Breaking News
More () »

Norfolk's Leading Local News: Weather, Traffic, Sports and more | Norfolk, Virginia | 13NEWSNOW.com

Commemoration, hope 400 years after first Africans arrival

Thousands of people flocked to Hampton to honor the story of the first Africans.

HAMPTON, Va. — One of the first 1619 commemorative events Dr. Renee Escoffery-Torres attended swept her off her feet. Overcome with pride, she speaks of the Project 1619 African Naming Ceremony held at sunrise Saturday at Buckroe Beach.

"When I arrived, there were those in white who wanted to be baptized. who wanted to be cleansed in the waters," says Escoffery-Torres.  

RELATED: '20 and Odd:' Africans' Arrival in 1619

RELATED: Hampton's full schedule: 400th anniversary of when African slaves arrived

In the rhythm of the waves and the whistling wind, the ritual was a spirited opportunity for people to be blessed by African mothers and awarded African names as a way to reclaim their African identity.

 "It was a phenomenal sight. We danced and sang."

RELATED: 20 and Odd: Local artist brings 1619 history to life

RELATED: Virginia marks pivotal moment when African slaves arrived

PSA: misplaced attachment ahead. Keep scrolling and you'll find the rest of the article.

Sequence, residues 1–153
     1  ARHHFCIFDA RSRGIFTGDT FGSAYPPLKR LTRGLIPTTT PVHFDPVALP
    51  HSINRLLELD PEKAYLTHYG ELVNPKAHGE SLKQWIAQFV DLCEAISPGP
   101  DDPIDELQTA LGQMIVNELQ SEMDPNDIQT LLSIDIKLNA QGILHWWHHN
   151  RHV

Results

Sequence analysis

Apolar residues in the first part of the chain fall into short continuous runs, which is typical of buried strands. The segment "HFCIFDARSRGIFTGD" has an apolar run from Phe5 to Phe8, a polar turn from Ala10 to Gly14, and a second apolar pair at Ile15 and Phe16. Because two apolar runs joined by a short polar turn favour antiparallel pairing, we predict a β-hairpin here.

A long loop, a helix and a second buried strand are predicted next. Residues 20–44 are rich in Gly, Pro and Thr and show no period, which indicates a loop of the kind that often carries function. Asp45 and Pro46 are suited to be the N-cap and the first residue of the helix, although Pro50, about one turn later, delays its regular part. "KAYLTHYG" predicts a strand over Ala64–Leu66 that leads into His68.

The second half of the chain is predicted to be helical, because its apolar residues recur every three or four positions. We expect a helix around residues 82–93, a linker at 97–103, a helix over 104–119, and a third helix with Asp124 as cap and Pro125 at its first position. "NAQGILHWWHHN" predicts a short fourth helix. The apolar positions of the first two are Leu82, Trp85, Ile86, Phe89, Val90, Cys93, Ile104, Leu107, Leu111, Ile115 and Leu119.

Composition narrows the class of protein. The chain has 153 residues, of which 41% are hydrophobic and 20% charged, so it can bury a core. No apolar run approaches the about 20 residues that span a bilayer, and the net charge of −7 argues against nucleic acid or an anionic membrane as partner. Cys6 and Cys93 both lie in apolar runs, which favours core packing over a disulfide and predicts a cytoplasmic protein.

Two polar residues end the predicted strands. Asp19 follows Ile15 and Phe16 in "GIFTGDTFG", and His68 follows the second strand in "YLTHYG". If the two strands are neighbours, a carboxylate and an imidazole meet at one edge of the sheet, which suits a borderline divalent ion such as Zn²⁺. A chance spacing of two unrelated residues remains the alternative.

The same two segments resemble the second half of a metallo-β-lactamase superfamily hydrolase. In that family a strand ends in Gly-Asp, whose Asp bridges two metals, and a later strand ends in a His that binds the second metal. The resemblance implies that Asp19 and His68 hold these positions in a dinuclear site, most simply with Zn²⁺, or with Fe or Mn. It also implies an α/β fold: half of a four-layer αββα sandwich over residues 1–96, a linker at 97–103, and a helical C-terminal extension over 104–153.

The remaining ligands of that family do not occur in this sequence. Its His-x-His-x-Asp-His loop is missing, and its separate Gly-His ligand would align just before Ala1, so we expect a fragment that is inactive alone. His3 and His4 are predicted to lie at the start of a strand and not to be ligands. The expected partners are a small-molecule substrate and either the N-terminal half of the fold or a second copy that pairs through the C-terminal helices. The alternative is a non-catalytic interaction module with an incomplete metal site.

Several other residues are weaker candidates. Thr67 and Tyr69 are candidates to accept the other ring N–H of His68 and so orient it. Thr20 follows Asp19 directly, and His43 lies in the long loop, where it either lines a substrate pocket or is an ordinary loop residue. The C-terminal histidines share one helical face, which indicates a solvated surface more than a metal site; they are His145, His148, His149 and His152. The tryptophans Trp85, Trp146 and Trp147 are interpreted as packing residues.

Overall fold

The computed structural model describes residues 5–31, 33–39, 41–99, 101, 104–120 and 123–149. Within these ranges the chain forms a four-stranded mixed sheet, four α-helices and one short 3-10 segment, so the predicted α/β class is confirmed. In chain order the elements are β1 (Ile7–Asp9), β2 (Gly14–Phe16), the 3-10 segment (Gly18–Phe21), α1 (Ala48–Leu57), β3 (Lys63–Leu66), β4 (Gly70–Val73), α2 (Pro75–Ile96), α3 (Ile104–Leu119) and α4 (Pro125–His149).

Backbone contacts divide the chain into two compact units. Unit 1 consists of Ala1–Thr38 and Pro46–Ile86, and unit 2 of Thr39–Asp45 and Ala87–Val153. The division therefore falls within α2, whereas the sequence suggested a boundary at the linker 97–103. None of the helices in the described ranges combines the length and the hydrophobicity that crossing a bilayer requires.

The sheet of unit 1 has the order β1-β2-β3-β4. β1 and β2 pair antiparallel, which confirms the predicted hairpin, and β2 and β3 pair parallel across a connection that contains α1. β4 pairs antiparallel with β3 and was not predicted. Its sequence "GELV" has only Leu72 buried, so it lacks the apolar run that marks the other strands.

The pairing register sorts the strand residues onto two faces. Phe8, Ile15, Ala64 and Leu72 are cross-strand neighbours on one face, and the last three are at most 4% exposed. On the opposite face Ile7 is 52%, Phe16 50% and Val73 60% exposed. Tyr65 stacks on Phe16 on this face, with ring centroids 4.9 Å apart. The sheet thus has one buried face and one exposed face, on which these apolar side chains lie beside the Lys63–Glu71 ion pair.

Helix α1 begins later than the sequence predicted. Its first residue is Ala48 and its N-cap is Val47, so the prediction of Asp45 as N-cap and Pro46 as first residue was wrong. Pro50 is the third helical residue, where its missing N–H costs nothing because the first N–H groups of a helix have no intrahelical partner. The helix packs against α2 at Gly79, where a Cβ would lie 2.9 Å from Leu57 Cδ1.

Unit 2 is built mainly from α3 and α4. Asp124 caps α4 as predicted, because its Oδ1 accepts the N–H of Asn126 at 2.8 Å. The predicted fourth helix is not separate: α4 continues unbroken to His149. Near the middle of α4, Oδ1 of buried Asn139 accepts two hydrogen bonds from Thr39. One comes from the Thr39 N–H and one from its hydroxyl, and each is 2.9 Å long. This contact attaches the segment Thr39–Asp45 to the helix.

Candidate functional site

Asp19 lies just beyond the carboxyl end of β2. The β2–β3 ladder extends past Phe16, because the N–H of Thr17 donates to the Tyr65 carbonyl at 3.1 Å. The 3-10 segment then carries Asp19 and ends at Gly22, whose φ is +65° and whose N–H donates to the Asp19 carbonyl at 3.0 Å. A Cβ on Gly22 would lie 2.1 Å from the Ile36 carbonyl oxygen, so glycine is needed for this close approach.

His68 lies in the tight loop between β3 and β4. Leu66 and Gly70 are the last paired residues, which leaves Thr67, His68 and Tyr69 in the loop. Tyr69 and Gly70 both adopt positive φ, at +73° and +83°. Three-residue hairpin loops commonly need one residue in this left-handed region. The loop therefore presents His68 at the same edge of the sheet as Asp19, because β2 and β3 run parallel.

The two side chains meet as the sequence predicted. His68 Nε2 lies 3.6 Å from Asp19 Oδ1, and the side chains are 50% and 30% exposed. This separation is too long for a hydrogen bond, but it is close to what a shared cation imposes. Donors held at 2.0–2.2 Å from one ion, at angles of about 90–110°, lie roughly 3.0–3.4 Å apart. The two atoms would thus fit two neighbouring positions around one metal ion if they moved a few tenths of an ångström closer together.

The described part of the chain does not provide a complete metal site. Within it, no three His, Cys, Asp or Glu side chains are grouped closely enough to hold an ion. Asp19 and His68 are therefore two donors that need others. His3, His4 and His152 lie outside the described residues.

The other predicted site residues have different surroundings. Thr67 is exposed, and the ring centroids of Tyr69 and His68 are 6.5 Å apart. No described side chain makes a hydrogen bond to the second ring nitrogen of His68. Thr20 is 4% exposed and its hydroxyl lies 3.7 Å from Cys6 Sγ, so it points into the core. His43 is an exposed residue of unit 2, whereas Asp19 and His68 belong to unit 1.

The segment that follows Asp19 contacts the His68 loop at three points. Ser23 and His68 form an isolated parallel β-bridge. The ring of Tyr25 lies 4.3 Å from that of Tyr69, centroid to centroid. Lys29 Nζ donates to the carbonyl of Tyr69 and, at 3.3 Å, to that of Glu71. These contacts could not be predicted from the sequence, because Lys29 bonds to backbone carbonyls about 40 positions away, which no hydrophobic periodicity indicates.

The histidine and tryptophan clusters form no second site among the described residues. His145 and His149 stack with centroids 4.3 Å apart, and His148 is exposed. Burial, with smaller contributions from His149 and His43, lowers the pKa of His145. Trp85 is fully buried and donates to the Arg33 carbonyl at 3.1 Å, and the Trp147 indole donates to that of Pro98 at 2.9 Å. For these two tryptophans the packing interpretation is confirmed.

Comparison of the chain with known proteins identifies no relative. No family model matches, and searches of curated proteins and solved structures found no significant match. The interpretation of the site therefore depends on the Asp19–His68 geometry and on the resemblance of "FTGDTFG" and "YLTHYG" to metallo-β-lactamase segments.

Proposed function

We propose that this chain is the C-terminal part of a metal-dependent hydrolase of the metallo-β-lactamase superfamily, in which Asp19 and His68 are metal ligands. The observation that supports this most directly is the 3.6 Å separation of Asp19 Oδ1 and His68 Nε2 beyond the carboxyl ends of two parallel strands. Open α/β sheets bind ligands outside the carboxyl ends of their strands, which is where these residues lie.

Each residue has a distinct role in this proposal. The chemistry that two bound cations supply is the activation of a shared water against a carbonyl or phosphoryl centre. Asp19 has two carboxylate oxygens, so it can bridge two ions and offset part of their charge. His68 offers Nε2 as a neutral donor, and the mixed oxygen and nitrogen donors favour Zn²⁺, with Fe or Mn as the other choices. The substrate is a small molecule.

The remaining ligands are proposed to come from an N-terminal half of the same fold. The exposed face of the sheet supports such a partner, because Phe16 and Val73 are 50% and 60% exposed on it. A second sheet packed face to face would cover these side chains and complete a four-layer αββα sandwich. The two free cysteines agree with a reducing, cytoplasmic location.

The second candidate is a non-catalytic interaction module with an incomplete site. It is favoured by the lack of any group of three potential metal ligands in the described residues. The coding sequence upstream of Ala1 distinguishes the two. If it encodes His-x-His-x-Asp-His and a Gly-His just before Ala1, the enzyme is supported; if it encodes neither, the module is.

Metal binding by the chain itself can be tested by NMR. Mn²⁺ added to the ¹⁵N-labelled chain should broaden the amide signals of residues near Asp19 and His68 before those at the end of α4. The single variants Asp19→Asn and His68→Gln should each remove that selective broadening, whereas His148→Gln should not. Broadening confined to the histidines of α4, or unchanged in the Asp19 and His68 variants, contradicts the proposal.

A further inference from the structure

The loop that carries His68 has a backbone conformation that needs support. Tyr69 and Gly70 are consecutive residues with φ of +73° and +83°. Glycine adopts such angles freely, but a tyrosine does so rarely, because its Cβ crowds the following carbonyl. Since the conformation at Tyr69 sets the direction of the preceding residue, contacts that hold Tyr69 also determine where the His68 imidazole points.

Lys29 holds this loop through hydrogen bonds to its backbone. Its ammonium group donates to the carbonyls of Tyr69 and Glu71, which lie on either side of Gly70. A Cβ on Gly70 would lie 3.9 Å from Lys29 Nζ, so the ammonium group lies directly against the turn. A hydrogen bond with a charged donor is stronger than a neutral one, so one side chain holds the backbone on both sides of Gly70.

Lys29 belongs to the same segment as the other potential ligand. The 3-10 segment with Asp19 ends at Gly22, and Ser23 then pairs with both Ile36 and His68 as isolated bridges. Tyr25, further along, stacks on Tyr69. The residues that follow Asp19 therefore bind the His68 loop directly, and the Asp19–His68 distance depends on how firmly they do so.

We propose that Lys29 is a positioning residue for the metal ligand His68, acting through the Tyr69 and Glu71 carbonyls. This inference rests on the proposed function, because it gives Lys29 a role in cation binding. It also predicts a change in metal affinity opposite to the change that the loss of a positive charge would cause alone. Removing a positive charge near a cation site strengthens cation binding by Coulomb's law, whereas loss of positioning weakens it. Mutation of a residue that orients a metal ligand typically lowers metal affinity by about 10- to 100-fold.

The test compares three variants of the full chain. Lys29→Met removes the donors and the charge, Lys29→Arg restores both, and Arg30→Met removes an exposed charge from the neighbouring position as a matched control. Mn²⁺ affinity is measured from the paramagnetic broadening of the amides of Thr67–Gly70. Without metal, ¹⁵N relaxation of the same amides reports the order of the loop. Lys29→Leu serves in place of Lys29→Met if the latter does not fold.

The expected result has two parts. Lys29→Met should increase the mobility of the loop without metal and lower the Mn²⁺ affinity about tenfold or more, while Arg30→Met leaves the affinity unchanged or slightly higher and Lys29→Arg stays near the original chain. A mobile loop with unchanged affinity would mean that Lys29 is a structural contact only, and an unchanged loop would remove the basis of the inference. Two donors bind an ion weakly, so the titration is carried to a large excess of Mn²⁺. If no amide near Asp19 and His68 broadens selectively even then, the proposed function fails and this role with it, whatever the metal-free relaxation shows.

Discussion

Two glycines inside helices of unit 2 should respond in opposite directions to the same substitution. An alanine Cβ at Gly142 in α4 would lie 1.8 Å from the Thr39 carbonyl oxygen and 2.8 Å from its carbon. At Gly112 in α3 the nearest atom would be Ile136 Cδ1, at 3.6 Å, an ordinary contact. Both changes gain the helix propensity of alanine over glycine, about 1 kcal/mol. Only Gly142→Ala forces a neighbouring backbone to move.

The ceremony was one of numerous opportunities for the thousands of people who flocked to Hampton to reflect on the historical event that occurred on the shores of Fort Monroe 400 years ago. That's when the British ship, White Lion arrived with about 20 captured Africans from Angola.

The Angolans were the first Africans in the New World in the Virginia Colony.

They had been forced by the Portuguese from their homeland onto a slave ship called the San Juan Bautista. That ship was raided by British pirates near Vera Cruz, Mexico. The Angolans, who were still alive in what was a harrowing journey, were placed onto the White Lion and a second British ship, the Treasurer.

RELATED: Prayer vigil at Fort Monroe commemorates arrival of first enslaved Africans in 1619

RELATED: 20 and Odd: The Story Begins

The stories of those first Africans have largely been left out of history books. Several people who attended African Landing Day at Fort Monroe say they came to learn and understand more.

"The willingness of the African spirit to come through so that people could survive, so we could be here today, so we can't forget them and I think it's important that we have these rituals to remind of us of who we are," says 2019 Hampton Commemorative Commission Co-Chair, Dr. Colita Fairfax.

RELATED: Political pioneers holding luncheon and panel in honor of 1619 African landing anniversary

RELATED: Educators gather to learn about first Africans arriving in 1619

Throughout the commemoration, the question, where do we go from here has surfaced. Dressed in his National Park Service uniform, Fort Monroe Superintendent Terry Brown says the answer is in what he does everyday.

"Tomorrow, I'll do what I've been doing from the day I walked in here, which is educating young people, being a good example for this community and using all the resources in this badge to tell the story of Africans."